The knockout stages make for a scary time. One match can end a team's World Cup and that's especially frightening for the U.S. Not only are they no longer the dominant powerhouse they once were -- they're still good and a World Cup contender -- but they have adjusted their style to one more focused on defense, which gives them less margin for error. Toss in a round of 16 opponent that has shown they can beat a top team, not to mention also have the confidence from that win, and the American fans are going to be justifiably on edge.
What does the U.S. need to do to beat Colombia?
Sauerbrunn and Johnston have to keep shining
Whereas Pia Sundhage's U.S. teams tried to outscore every team they played and were more than happy to trade goals, Jill Ellis' side have been leaning on their defense. They conceded just once in the entire group stage.
The Americans' approach has worked because of their duo in the center of defense -- Becky Sauerbrunn and Julie Johnston. Both of them have been absolutely phenomenal, with Johnston continuing her rapid ascent and Sauerbrunn reading the game so incredibly well that she's been a cover for both her central partner and left back Meghan Klingenberg. No center back partners at the World Cup have been as good as the Americans, keeping Hope Solo generally unbothered despite fullbacks flying up the pitch and no real defensive midfielder in the lineup. That has to continue.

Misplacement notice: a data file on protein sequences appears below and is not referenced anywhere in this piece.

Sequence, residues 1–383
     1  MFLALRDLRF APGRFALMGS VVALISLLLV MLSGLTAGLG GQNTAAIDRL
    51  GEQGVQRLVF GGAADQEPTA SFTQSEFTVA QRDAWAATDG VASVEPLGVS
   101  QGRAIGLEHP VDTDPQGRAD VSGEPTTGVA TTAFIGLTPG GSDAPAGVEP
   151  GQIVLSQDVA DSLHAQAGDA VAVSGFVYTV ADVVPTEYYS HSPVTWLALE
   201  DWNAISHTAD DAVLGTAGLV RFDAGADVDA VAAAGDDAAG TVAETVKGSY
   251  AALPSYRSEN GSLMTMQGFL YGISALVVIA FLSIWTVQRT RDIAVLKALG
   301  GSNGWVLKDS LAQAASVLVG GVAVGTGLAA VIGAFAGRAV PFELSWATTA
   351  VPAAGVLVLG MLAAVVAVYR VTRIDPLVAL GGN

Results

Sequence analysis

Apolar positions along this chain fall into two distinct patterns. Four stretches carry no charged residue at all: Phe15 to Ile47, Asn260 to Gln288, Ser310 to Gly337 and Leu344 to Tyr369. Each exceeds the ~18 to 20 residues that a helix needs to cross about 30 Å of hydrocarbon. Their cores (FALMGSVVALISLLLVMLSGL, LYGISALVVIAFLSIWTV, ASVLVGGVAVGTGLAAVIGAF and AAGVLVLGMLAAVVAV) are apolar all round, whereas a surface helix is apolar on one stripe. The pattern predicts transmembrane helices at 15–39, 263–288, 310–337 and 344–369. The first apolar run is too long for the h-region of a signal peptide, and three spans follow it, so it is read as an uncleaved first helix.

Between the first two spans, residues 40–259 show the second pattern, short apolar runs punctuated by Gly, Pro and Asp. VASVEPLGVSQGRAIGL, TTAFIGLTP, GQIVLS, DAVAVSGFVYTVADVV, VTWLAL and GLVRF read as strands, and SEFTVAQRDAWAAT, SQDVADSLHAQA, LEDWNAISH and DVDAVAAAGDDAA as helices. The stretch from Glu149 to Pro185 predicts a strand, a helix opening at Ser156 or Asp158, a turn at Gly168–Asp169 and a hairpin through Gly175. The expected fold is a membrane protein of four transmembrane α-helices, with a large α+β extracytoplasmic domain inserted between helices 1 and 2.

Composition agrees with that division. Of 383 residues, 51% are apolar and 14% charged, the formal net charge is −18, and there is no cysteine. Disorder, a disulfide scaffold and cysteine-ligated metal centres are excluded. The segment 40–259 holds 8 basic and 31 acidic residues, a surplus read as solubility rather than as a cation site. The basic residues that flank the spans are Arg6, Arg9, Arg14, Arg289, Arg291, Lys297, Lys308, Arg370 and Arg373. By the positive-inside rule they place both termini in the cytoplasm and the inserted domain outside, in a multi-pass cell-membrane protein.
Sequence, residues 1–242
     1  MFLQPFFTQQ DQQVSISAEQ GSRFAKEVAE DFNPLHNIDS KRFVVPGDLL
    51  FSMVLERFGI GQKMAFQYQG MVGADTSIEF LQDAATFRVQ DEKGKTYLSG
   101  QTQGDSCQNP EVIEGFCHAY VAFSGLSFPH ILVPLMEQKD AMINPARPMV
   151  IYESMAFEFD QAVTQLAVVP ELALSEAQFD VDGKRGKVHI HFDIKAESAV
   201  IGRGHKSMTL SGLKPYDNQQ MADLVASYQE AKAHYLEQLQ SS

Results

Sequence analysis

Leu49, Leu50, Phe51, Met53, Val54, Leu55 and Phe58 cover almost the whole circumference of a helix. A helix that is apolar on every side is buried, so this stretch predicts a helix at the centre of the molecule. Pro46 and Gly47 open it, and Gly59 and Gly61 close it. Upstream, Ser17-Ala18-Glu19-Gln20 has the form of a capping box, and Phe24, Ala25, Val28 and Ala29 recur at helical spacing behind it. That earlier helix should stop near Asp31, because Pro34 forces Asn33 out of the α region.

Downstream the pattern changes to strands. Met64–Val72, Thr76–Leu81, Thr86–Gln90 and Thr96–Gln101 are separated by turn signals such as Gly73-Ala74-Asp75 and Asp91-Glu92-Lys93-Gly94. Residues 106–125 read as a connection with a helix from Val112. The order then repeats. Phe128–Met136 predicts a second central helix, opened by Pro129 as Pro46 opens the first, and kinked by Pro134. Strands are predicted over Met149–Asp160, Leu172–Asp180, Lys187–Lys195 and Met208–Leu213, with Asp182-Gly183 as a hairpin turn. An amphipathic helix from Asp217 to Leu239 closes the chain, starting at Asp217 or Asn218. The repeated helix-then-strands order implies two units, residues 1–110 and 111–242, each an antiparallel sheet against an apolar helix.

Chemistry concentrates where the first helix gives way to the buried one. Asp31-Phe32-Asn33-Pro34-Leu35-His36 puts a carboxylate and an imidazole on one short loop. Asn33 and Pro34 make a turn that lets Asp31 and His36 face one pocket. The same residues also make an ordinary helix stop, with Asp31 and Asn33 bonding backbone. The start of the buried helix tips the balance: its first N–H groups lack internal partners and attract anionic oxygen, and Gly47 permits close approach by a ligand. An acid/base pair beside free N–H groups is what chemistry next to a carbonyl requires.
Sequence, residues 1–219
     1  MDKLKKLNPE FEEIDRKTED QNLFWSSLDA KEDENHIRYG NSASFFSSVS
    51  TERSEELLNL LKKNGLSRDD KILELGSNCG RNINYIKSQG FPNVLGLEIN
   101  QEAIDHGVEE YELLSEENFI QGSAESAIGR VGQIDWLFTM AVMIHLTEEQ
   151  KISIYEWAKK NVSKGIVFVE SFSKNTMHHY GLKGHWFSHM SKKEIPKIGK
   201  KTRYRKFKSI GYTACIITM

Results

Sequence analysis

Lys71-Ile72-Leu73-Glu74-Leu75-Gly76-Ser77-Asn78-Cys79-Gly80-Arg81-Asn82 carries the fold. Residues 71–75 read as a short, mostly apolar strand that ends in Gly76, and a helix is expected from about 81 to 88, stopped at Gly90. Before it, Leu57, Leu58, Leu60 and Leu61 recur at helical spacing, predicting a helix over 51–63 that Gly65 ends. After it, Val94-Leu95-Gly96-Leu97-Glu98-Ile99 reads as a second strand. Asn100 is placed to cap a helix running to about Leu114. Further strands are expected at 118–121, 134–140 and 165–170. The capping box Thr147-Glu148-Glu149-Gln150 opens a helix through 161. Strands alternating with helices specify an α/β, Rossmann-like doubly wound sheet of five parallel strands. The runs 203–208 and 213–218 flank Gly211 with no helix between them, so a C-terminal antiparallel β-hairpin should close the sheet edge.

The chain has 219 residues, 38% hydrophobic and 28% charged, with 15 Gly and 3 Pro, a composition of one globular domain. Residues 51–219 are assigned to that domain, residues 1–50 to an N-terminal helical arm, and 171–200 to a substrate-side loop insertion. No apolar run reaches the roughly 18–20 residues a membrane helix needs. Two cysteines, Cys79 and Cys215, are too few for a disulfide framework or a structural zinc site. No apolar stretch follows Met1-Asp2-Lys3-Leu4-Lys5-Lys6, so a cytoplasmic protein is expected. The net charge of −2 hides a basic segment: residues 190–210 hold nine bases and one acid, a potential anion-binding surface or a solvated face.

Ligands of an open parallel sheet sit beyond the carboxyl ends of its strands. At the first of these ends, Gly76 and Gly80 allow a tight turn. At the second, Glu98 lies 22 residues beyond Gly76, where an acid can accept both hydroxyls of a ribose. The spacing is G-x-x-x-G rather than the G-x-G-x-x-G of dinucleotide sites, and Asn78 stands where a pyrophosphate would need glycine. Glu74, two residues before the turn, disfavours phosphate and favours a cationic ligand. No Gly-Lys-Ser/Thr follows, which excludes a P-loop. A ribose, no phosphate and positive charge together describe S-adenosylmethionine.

Does any striker want to step up?
Three matches in, the U.S. still isn't getting great striker play. They may not even be getting good striker play.
Abby Wambach scored against Nigeria, but she's had serious problems otherwise and is limited. Alex Morgan looked speedy and her runs were excellent, but the rust that is to be expected from a player who hadn't started a match in months was all too present. Sydney Leroux's pace continues to give opposing defenses problems, but her own faulty touch gives her and the U.S. just as many. Christen Press is a fourth option and Amy Rodriguez can't get on the pitch for extended run.
So who does the U.S. have? It's not entirely clear.
For years we have heard about how great the U.S. is up front and, at times, each of the American strikers has been incredible, but that's not the case right now. Be it age, injury, bad form or an inability to see the field, the U.S. have problems up front, but they're going to need to get better play up top if they want to win the World Cup. At some point, one or two of them need to start clicking.
Get off to a quick start
Colombia know they can beat a top team because they've done it, but they responded to that win over France with a loss to England. Not only that, but they were soundly outplayed and never looked like they were in the match.
The worst thing the U.S. could do is let Colombia go into the second half believing they have a good shot at winning the match. If that happens, Colombia will only grow in confidence and the pressure will turn to the U.S. But if the Americans can jump ahead early and control the match through the midfield while dominating at the back, Colombia could become desperate and let the match get away from them.